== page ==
Testosterone is available in a wide variety of oral, injectable, and transdermal dosage forms to suit patient preferences. The main side effects and risks of this off-label use of testosterone therapy include hepatotoxicity, acne, edema, increased hematocrit or hemoglobin, increased serum prostate-specific antigen or serum estradiol concentrations, insomnia, irritability, mood swings, and hypogonadism.36,37

Ghrelin: Ghrelin, a 28-amino-acid-appetite-stimulant gut hormone, has shown prospective benefits in reversing the breakdown of protein and weight loss in cachexia.13-15 Ghrelin increases the secretion of growth hormone and reduces the body's energy expenditure. Ghrelin has anti-inflammatory, antiapoptotic, and anxiolytic effects—all of which play an important role in the mechanism of cachexia. Ghrelin is currently being studied for efficacy and use in the treatment of cachexia. In general, clinical trials find that daily administration of ghrelin improves daily food intake, body weight, exercise capacity, muscle mass, and strength.14,15

Studies have evaluated IV or SC administration of ghrelin in doses ranging from 2 μg/kg to 8 μg/kg daily for treatment of cachexia. Common side effects of ghrelin include flushing and mild gastric rumbles. Patients experiencing the few serious adverse events during clinical studies (pneumonia, enteritis, and lung cancer) also suffered from advanced illness, making it difficult to attribute those harms to ghrelin administration.38 Ghrelin shows potential, but further research is necessary to identify the best therapeutic strategies for the use of ghrelin in the treatment of cachexia.

Growth Hormone: Growth hormone (GH) is another anabolic peptide hormone that stimulates the liver and other tissues to produce insulin-like growth factor 1 (IGF-1). IGF-1 stimulates protein synthesis, myoblast differentiation, and muscle growth. It also suppresses protein oxidation and proteolysis. In patients with malnutrition and other catabolic states such as cachexia, recombinant GH has continually generated anabolic effects.39

Recombinant GH is currently FDA approved for AIDS wasting based on data that recombinant GH therapy increased both lean body mass and total body weight, improved physical endurance and QoL, and decreased fat mass and rate of protein breakdown in patients with cachexia and AIDS.39 Additional studies offer preliminary support for potential off-label use in other patients with cachexia. Recombinant GH therapy has also increased weight and lean body mass in malnourished patients with COPD (+2.3 ± 1.6 kg compared with 1.1 ± 0.9 kg; P <.05).39 In patients with cachexia and CHF, acquired GH resistance is common, and GH therapy improved QoL scores and increased exercise duration in one clinical trial. Other studies have shown no clinical impact, and further research is necessary to resolve the discrepancy between studies and determine the efficacy of GH on cachectic CHF patients. To date, there is little data on the use of GH therapy and the treatment of cancer cachexia.

The side effects of growth hormone include dosedependent paresthesia and arthralgias, insulin resistance, sodium retention, and peripheral edema. Recombinant GH is administered as a SC injection according to a variety of dosing regimens.39


Cachexia is the unintentional progressive loss of skeletal muscle tissue and adipose tissue caused by chronic illnesses. Men are more likely be diagnosed with cachexia, to experience more severe symptoms, and to receive medications for cachexia. Supportive care emphasizes nutrition and exercise, and appetite stimulants can be somewhat effective in helping patients maintain weight and muscle mass. Additional pharmacotherapy options target the mechanisms of underlying disease, particularly oxidative stress and imbalances of protein metabolism. Pharmacotherapies with some evidence for limited efficacy in managing cachexia include ACE inhibitors/ ARBs, testosterone, ghrelin, and GH. Research continues to identify investigational pharmacotherapies that target molecular pathways to cachexia in hopes of improving the treatment options for this debilitating muscle-wasting disease.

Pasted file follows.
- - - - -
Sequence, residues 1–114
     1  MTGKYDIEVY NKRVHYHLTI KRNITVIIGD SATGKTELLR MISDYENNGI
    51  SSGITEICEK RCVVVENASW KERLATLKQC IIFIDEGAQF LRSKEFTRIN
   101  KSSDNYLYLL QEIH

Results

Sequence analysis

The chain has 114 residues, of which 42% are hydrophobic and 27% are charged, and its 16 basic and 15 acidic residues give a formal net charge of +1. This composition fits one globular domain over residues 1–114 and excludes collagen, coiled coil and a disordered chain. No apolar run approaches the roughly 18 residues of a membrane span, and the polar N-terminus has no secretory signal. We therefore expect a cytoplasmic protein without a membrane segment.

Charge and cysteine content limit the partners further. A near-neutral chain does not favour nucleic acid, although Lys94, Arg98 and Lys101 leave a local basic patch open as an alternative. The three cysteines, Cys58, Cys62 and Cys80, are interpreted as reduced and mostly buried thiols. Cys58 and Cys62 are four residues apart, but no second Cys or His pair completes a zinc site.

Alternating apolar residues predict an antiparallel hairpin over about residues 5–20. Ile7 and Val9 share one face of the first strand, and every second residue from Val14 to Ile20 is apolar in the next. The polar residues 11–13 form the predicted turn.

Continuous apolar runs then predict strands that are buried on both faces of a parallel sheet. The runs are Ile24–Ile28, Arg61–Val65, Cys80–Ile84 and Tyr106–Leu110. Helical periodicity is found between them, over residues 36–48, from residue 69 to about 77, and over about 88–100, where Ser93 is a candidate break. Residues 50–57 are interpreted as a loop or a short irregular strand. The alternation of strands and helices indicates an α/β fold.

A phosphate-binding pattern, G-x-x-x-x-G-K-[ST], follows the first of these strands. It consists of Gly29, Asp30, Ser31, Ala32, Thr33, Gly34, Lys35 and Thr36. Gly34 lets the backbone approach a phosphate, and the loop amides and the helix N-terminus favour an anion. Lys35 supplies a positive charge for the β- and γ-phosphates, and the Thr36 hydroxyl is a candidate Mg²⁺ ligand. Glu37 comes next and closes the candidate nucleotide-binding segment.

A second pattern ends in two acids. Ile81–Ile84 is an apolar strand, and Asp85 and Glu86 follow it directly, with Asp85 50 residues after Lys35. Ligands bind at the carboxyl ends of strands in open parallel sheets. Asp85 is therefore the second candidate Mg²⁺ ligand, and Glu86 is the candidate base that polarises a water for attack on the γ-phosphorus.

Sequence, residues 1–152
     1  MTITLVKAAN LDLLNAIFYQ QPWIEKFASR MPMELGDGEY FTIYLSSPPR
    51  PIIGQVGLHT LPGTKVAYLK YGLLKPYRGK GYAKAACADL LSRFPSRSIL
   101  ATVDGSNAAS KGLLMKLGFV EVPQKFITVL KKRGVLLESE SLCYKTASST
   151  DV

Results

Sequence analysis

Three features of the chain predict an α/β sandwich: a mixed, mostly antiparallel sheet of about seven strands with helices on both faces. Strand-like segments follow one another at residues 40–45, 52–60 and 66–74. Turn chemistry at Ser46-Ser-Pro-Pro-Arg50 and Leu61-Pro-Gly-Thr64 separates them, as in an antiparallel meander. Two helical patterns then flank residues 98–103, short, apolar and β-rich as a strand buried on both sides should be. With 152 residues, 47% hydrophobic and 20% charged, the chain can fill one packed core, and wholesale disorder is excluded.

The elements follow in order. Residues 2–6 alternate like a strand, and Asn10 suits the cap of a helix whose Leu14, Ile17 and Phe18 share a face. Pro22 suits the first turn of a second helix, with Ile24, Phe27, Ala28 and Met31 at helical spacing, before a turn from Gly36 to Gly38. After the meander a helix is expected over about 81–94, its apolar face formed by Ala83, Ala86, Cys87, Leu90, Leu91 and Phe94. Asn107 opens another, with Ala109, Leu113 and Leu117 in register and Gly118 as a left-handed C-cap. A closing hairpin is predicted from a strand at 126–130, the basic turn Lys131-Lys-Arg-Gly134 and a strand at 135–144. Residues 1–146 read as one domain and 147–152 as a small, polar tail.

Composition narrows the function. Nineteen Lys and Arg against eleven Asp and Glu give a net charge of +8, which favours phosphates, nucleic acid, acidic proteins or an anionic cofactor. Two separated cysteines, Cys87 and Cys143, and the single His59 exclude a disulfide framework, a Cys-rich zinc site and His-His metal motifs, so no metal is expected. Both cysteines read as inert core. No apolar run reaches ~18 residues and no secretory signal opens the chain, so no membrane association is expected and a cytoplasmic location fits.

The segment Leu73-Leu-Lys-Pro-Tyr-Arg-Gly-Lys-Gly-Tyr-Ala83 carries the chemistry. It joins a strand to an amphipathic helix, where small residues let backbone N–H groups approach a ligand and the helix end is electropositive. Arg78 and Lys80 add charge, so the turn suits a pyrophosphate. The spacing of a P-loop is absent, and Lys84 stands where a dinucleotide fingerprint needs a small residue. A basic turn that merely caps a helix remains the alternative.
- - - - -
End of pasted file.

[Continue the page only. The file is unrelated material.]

1. Fox KM, Brooks JM, Gandra SR, et al. Estimation of cachexia among cancer patients based on four definitions. J Oncol. 2009;693458.
  2. von Haehling S, Anker MS, Anker SD. Prevalence and clinical impact of cachexia in chronic illness in Europe, USA, and Japan: facts and numbers update 2016. J Cachexia Sarcopenia Muscle. 2016;7(5):507-509.
  3. Arthur ST, Noone JM, Van Doren BA, et al. One-year prevalence, comorbidities and cost of cachexia-related inpatient admissions in the USA. Drugs Context. 2014;3:212265.
  4. Norman K, Stobäus N, Reiß J, et al. Effect of sexual dimorphism on muscle strength in cachexia. J Cachexia Sarcopenia Muscle. 2012;3(2):111-116.
  5. Vaughan VC, Martin P, Lewandowski PA. Cancer cachexia: impact, mechanisms and emerging treatments. J Cachexia Sarcopenia Muscle. 2013;4(2):95-109.
  6. Grande AJ, Silva V, Maddocks M. Exercise for cancer cachexia in adults: executive summary of a Cochrane Collaboration systematic review. J Cachexia Sarcopenia Muscle. 2015;6(3):208-211.
  7. Ábrigo J, Elorza AA, Riedel CA, et al. Role of oxidative stress as key regulator of muscle wasting during cachexia. Oxid Med Cell Longev. 2018;2018:2063179.
  8. Lawless MW, O'Byrne KJ, Gray SG. Targeting oxidative stress in cancer. Expert Opin Ther Targets. 2010;14(11):1225-1245.
  9. Burckart K, Beca S, Urban RJ, Sheffield-Moore M. Pathogenesis of muscle wasting in cancer cachexia: targeted anabolic and anticatabolic therapies. Curr Opin Clin Nutr Metab Care. 2010;13(4):410-416.